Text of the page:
Dogs and cats are often their own worst enemies. This is especially true when it comes to chewing and ingesting items they're not supposed to be eating. In most cases, these foreign objects will simply pass through your pet without an issue — but when they don't, these objects could get stuck in your pet's throat or lodge in their gastrointestinal (GI) tract.
In the case of the latter, this could eventually lead to dangerous blockages or other problems that could require expensive surgery. Foreign body ingestion claims are, in fact, one of the most common ones filed with pet insurance providers.
Signs that your pet has ingested a foreign object
If your pet is exhibiting any of these symptoms, he or she may have a foreign object or an obstruction in the GI tract:
Loose stools or diarrhea
Loss of appetite
Inability or straining to defecate
Take your pet immediately to the veterinarian if he or she is exhibiting any of these symptoms or if you witness your dog or cat eating something he or she shouldn't have. In the case of a recently ingested item, your vet may try to induce your dog or cat to vomit the object out of her or his system.
If your veterinarian suspects that your dog or cat has a blockage in the GI tract, the vet will perform a thorough examination, which should include palpating your pet's abdomen to check for pain and/or masses. Your veterinarian is also likely to recommend that X-rays or other imaging scans be taken, so she or he can locate any blockages and get a general idea of what type of item(s) may be causing the obstruction. Your vet may also conduct blood, urine, and stool tests to determine if your pet is healthy enough to go under anesthesia.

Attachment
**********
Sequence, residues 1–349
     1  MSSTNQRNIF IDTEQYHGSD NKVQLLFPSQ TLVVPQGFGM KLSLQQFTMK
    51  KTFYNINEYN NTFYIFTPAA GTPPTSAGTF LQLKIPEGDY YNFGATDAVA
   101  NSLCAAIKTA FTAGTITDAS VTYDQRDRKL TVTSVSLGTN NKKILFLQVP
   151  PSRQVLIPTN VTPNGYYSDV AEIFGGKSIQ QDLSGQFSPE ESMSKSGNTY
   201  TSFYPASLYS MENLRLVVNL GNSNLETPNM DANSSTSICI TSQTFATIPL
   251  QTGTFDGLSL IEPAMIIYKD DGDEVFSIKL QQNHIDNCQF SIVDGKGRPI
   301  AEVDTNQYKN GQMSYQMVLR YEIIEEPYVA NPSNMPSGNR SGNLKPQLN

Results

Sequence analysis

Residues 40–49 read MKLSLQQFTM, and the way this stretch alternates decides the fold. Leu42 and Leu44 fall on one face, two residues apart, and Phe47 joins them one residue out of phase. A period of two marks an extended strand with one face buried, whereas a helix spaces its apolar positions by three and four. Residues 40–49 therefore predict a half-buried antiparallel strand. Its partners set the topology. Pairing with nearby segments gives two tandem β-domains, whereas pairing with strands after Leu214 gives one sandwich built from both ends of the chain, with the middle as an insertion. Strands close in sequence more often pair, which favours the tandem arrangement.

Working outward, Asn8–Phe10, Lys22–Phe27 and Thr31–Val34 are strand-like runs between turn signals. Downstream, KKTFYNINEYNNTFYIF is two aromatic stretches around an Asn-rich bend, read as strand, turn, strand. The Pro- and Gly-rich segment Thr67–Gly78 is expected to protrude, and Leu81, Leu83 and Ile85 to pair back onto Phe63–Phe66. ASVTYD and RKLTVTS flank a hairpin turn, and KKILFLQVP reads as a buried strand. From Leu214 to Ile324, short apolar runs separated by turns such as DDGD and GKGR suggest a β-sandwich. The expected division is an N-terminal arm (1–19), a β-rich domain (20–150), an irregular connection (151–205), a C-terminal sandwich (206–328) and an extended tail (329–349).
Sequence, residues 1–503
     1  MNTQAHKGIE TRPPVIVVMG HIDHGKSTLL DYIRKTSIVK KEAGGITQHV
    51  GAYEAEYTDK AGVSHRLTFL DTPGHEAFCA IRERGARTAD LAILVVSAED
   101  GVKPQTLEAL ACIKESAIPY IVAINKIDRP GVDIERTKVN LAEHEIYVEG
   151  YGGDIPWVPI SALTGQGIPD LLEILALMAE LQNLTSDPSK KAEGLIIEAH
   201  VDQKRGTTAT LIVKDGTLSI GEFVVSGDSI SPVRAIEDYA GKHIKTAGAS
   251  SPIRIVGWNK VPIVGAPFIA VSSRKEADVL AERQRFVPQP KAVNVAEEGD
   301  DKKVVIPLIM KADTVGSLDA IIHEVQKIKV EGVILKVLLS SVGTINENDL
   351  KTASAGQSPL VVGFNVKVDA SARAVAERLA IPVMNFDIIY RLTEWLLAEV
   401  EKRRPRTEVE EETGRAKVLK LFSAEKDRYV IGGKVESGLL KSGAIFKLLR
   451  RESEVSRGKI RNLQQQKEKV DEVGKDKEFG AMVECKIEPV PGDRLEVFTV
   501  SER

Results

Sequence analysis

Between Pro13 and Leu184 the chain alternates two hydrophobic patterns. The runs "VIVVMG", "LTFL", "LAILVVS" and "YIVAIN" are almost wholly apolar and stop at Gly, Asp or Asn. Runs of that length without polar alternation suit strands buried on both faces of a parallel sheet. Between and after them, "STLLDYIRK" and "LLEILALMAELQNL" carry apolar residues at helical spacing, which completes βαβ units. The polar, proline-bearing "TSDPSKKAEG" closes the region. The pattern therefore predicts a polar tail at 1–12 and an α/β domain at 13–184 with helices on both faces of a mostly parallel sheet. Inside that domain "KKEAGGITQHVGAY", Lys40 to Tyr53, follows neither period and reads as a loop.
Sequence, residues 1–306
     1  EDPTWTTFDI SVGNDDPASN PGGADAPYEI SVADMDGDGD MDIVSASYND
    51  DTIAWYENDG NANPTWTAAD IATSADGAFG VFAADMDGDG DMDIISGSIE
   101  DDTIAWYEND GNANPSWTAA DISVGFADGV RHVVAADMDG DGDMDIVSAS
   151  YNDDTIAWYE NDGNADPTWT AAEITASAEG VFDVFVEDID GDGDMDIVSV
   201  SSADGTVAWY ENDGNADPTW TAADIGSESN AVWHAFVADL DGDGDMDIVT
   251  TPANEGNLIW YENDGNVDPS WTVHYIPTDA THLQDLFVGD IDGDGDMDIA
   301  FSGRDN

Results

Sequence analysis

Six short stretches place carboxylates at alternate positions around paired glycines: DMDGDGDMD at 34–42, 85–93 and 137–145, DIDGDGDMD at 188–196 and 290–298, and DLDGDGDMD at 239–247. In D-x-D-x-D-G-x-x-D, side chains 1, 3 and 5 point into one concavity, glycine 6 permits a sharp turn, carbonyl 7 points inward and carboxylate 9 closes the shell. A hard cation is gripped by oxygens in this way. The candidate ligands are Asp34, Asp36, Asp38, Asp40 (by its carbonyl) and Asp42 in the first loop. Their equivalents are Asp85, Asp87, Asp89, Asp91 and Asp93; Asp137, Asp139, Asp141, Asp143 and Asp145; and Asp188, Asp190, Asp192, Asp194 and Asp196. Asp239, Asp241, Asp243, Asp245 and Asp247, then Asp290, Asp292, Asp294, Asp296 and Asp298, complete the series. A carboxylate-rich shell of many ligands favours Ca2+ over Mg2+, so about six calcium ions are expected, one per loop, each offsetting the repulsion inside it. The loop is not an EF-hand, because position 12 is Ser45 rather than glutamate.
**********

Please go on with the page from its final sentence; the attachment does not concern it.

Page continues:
If the object your pet has swallowed is in the upper digestive tract, your vet may be able to remove it by endoscopic retrieval. For objects that cannot be removed with endoscopy or have traveled further into your pet's GI tract, surgery may be the only option.
Linear obstructions occur when one end of a long thin object, such as a string or yarn, gets caught in a part of your pet's body, such as on the base of the tongue. The other end of the item then continues to travel through your pet's gastrointestinal tract.
As your pet's body tries to eliminate this object through the GI tract, it could cause the intestines to bunch up. This is the same action that occurs when you pull a drawstring of a waistband tight, causing the material to bunch up. As you can probably imagine, this is an especially dangerous and painful type of foreign body obstruction.
If the object is caught in the mouth, a veterinarian may be able to simply cut and release the item. Most linear obstruction cases, however, will require surgery.
Cost of surgery to remove a foreign object from a dog or cat
Unfortunately for pet owners, the average cost of surgery for a pet who has ingested a foreign object is not cheap. Typically, you can expect to pay between $2,000 and $5,000. As for endoscopy, the typical cost is between $800 and $2,000.
Does pet insurance cover swallowing foreign objects?
In most cases, pet insurance will cover all or at least some of the cost of surgery to remove a foreign object from your pet. Because insurance policies differ, it's important that you check your policy carefully to understand exactly what it will cover; the amount of a deductible, if any; as well as the method by which you will be reimbursed.
Pets chew on objects for a variety of reasons. Puppies and kittens, for example, will gnaw on items when they're teething. Older pets may chew on toys when they're bored. Problems arise, though, when pets decide to swallow the items they've been chewing. Another issue? Some items that owners give their pets to chew on — such as rawhides — can lead to dangerous obstructions in a pet's GI tract.
The following are a few steps you can take to keep your pet from having to undergo foreign object surgery:
Keep all non-edible items out of your pet’s reach.
Throw out any damaged toys or balls.
Avoid giving your dog hard-to-digest consumables, such as rawhides, corn cobs, and bones. All can collect in the GI tract and form obstructions.
If you believe your dog or cat has ingested a foreign body or may have an obstruction, take her or him immediately to a veterinarian. Time is often of the essence when it comes to treating this painful and dangerous condition.
Lizz Caputo is a Content Strategist at Figo, animal enthusiast, and owner of a rescued senior American Bully. Her hobbies include checking out new restaurants in her area, boxing, and petting dogs of all shapes and sizes.